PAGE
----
In what’s likely the only class of its kind in the country, New Mexico Court of Appeals judges teach students how to think like a judge.

In Appellate Decision Making, UNM Law School students learn how judges think about a case. They learn how judges go about deciding a case and how they collaborate. This process gives them insights into being able to practice before the trial and appellate courts. They become better lawyers.

The class is taught by New Mexico Court of Appeals Judges Michael Bustamante and Jonathan Sutin. It’s held at the Court of Appeals, located next to the law schoo

Sutin initially pitched the idea of the class to the law school and several people contributed along the way. He and Bustamante have been teaching it for seven years.

Professor Michael Browde and Nicole Banks, Bustamante’s law clerk, assist.

Banks took Appellate Decision Making, as have several law clerks in the New Mexico Court of Appeals and Supreme Court.

Bustamante says that as far as he knows, there is no other class like it. “Judges from around the country are in awe of this class,” adds Sutin.

Throughout the semester, students act as judges to resolve actual cases before the Court of Appeals. The first day of class, they are divided into groups of three and assigned a case. They study it, analyze the facts and issues, and research relevant case law. They spend weeks working on their opinion about the case and receive critiques from the judges on their writing.

Jaymie Roybal (’16) took the class this spring and says it offers students a real world, special insight into the operations of the appellate court. “My writing and analysis skills were challenged each week in ways they hadn’t been in law school before,” she adds. “Thanks to Judge Bustamante's careful critiques, I feel more prepared to graduate and start my judicial clerkship.”

Appellate Decision Making
New Mexico Court of Appeals Judges Jonathan Sutin and Michael Bustamante (seated) teach Appellate Decision Making, assisted by Professor Michael Browde and Court of Appeals Law Clerks Nicole Banks.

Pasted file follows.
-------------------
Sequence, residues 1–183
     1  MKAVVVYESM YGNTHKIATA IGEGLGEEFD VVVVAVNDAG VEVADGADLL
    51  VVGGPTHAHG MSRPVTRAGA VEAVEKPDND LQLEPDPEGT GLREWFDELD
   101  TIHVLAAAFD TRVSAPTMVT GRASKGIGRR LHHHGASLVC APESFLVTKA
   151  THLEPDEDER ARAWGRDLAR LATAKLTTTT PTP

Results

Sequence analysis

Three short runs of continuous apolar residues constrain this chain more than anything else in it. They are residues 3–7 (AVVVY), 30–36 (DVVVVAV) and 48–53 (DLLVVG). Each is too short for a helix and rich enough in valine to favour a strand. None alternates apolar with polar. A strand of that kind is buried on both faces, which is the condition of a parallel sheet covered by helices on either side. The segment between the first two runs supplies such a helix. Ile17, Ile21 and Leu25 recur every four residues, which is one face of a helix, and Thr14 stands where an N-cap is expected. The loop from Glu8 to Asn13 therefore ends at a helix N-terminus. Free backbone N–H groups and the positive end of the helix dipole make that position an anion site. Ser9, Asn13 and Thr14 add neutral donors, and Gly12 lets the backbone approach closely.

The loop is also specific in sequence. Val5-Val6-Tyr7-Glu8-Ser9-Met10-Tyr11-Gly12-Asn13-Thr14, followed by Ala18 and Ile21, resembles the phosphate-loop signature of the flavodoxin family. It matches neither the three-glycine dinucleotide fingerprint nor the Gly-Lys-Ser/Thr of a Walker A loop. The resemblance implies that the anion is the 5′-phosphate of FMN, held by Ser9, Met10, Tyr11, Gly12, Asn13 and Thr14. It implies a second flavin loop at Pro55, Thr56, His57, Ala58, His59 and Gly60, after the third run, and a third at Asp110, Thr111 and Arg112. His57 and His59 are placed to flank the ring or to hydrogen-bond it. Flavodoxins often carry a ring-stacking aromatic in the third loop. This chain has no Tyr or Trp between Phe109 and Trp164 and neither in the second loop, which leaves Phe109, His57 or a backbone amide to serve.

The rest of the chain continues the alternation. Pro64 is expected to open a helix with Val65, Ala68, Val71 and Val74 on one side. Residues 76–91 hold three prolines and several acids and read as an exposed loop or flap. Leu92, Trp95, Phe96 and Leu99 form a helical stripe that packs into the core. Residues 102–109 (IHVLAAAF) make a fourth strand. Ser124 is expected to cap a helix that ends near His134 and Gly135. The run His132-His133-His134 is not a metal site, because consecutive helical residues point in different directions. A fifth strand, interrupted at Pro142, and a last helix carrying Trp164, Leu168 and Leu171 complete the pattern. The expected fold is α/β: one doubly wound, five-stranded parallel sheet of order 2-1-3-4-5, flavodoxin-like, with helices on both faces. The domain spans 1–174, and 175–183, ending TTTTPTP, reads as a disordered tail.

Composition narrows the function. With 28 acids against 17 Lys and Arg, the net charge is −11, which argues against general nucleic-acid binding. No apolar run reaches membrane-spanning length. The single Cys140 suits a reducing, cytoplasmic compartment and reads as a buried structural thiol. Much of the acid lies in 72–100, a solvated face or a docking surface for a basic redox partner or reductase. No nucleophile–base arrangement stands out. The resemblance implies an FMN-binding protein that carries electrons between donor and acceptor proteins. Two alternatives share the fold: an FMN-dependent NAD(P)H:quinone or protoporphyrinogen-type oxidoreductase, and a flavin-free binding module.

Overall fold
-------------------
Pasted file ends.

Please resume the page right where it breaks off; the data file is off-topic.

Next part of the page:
Sitting on the bench
Towards the middle of the semester, the students have an experience they’ll never forget. They don judges’ robes and hear oral arguments about their case in the Court of Appeals Courtroom.

They are encouraged to be an “active bench” – to ask questions and respond to the advocates’ arguments.

They see that their first impressions aren’t always valid. “Often students start out wanting to rule a case one way,” Bustamante says. “Their first take is uneducated; we all come with our own bias. They learn that to rely on what the law requires and what the facts dictate.”

“They read bad briefs,” he continues. “They are stymied by arguments. They are stymied about how to decide the case. It’s not as cut and dried as they thought. It’s a much more nuanced process than it appears.”

Class helps students become better litigators
Sutin says that if the student wants to be a trial lawyer or litigator, the class helps them to become a careful lawyer. “Students are able to foresee what they need to do to become really good. They learn to understand mistakes; they learn the importance of writing good, concrete, clear briefs. They see the usefulness of oral arguments.”

It’s not an easy class. “Students don’t get the hang of producing a really good product, but they do learn the process,” says Sutin.

 “They learn to appreciate the role of a judge. They learn not to be intimidated,” he adds.

Learning about the inner workings of the court
Guest speakers include judges from the Court of Appeals and from the New Mexico Supreme Court, as well as district court judges and practicing attorneys, who discuss appellate practice, judicial selection/elections, differences between the Court of Appeals and Supreme Court, and other topics.

Patrick Coronel (’17) says all of the judges who participated demonstrated “a willingness to have candid conversations about the inner-workings of our state’s courts” and that all “were approachable, committed to the course’s goals, and eager to positively impact our legal education at UNM.”

He concludes, “I cannot imagine a similar course being as successful at another law school.”

Marion Carter (’16) agrees, saying, “The small class size, the seminar style round table discussions, and the opportunity to hear from and interact with judges from a variety of state and federal appeals courts made this class unique and a favorite in my law school experience thus far.